Newlib’s git repository

Because I had quite the time finding it when I wanted to submit a patch to newlib, there’s a git mirror of the canonical CVS repository for newlib, which all the patches I saw on the mailing list were based off of. Maybe somebody else looking for it will find this note useful:

git clone git://sourceware.org/git/newlib.git

See also: the original mailing list announcement of the mirror’s availability.

Matrioshka brains and IPv6: a thought experiment

Nich (one of my roommates) mentioned recently that discussion in his computer networking course this semester turned to IPv6 in a recent session, and we spent a short while coming up with interesting ways to consider the size of the IPv6 address pool.

Assuming 2128 available addresses (an overestimate since some number of them are reserved for certain uses and are not publicly routable), for example, there are more IPv6 addresses than there are (estimated) grains of sand on Earth by a factor of approximately \( 3 \times 10^{14} \) (Wolfram|Alpha says there are between 1020 and 1024 grains of sand on Earth).

A Matrioshka brain?

While Nich quickly lost interest in this diversion into math, I started venturing into cosmic scales to find numbers that compare to that very large address space. I eventually started attempting to do things with the total mass of the Solar System, at which point I made the connection to a Matrioshka brain.

“A what?” you might say. A Matrioshka brain is a megastructure composed of multiple nested Dyson spheres, themselves megastructures of orbiting solar-power satellites in density sufficient to capture most of a star’s energy output. A Matrioshka brain uses the captured energy to power computation at an incredible scale, probably to run an uploaded version of something evolved from contemporary civilization (compared to a more classical use of powering a laser death ray or something). Random note: a civilization capable of building a Dyson sphere would be at least Type II on the Kardashev scale. I find Charlie Stross’ novel Accelerando to be a particularly vivid example, beginning in a recognizable near-future sort of setting and eventually progressing into a Matrioshka brain-based civilization.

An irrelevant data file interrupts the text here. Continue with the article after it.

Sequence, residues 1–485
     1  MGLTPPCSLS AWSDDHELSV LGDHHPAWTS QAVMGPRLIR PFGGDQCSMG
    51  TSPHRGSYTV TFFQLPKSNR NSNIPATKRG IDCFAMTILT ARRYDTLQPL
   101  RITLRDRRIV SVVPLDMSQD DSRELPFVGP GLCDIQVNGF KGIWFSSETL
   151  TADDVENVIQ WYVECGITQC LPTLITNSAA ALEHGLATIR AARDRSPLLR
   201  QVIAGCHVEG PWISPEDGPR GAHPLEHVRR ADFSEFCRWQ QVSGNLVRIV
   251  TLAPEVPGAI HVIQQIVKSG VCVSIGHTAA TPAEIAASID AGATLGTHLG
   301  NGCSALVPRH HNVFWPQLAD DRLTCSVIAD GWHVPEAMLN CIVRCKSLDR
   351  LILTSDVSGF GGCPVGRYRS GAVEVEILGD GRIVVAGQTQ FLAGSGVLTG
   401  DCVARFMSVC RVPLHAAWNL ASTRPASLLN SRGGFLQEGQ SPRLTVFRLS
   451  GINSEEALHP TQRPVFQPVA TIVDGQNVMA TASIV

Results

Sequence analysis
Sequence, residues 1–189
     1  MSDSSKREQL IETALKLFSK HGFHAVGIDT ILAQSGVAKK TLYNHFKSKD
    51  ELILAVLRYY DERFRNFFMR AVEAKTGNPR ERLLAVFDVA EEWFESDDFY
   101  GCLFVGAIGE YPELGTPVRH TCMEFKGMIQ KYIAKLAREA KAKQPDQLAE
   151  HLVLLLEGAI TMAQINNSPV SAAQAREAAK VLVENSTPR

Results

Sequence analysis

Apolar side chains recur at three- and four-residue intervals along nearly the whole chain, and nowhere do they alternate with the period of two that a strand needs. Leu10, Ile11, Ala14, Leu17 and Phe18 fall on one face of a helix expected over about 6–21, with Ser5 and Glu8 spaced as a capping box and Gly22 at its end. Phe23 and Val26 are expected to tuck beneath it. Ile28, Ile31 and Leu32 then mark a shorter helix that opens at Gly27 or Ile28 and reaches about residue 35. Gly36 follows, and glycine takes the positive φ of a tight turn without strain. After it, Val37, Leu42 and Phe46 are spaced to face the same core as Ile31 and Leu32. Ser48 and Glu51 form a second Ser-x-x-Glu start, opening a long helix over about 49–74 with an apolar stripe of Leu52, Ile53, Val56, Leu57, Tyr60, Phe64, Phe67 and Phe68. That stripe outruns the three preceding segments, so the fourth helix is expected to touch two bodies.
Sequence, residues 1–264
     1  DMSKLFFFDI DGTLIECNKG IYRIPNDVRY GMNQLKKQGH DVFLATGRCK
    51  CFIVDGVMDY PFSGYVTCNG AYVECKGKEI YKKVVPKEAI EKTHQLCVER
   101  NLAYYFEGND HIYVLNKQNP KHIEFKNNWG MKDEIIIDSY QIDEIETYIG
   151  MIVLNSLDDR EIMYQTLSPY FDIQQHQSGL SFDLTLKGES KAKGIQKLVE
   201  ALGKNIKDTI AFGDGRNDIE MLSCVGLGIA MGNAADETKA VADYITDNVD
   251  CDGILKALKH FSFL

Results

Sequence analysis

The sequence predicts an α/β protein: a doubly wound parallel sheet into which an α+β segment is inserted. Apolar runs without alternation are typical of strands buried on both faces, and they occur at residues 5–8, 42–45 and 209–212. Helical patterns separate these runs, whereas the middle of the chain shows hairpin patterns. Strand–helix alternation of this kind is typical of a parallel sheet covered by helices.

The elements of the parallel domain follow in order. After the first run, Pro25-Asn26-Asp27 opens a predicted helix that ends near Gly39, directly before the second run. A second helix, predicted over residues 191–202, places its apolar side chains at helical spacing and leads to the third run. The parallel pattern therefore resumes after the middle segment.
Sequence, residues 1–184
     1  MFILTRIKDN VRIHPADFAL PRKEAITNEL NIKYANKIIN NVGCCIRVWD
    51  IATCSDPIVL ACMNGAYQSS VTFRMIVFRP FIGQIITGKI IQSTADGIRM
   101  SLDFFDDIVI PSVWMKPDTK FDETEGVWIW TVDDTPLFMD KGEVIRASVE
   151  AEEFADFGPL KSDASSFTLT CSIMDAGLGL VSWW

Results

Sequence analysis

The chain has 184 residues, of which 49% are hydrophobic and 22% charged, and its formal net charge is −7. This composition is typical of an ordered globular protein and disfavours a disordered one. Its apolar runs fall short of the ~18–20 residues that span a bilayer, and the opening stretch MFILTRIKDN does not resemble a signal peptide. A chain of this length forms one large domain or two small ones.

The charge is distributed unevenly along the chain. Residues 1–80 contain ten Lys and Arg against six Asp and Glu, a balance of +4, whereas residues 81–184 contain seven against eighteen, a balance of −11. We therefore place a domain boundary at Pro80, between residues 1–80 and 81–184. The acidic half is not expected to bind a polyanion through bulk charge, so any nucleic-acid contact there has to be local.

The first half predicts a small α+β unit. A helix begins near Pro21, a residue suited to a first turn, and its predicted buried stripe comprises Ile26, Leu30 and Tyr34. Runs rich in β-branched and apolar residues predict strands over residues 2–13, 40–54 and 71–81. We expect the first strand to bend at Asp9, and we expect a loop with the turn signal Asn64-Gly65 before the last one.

While the typical depiction of a Dyson sphere is a solid shell, it’s much more practical to build a swam of individual devices that together form a sort of soft shell, and this is how it’s approached in Accelerando, where the Solar System’s non-Solar mass is converted into “computronium”, effectively a Dyson swarm of processors with integrated thermal generators. By receiving energy from the sunward side and radiating waste heat to the next layer out, computation may be performed.

Let’s calculate

Okay, we’ve gotten definitions out of the way. Now, what I was actually pondering: how does the number of routable IPv6 addresses compare to an estimate of the number of computing devices there might be in a Matrioshka brain? That is, would IPv6 be sufficient as a routing protocol for such a network, and how many devices might that be?

A silicon wafer used for manufacturing electronics, looking into the near future, has a diameter of 450 millimeters and thickness of 925 micrometers (450mm wafers are not yet common, but mass-production processes for this size are being developed as the next standard). These wafers are effectively pure crystals of elemental (that is, monocrystalline) silicon, which are processed to become semiconductor integrated circuits. Our first target, then, will be to determine the mass of an ideal 450mm wafer.

First, we’ll need the volume of that wafer (since I was unable to find a precise number for a typical wafer’s mass):
$$ \pi \times \left( \frac{450 \;\mathrm{mm}}{2} \right)^2 \times 925 \;\mathrm{\mu m} = 147115 \;\mathrm{mm^3} $$
Given the wafer’s volume, we then need to find its density in order to calculate its mass. I’m no chemist, but I know enough to be dangerous in this instance. A little bit of research reveals that silicon crystals have the same structure as diamond, which is known as diamond cubic. It looks something like this:

Silicon crystal structure.